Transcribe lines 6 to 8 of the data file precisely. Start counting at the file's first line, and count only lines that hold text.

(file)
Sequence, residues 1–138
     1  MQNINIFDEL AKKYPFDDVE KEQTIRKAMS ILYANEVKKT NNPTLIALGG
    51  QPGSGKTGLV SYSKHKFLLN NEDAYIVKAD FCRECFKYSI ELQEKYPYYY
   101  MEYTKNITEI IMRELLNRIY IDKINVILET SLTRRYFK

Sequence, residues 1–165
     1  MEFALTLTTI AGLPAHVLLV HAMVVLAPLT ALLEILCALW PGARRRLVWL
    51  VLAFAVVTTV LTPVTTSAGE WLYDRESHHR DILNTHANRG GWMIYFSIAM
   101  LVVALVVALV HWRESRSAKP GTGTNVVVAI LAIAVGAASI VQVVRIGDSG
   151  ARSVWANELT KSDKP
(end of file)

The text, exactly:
     1  MEFALTLTTI AGLPAHVLLV HAMVVLAPLT ALLEILCALW PGARRRLVWL
    51  VLAFAVVTTV LTPVTTSAGE WLYDRESHHR DILNTHANRG GWMIYFSIAM
   101  LVVALVVALV HWRESRSAKP GTGTNVVVAI LAIAVGAASI VQVVRIGDSG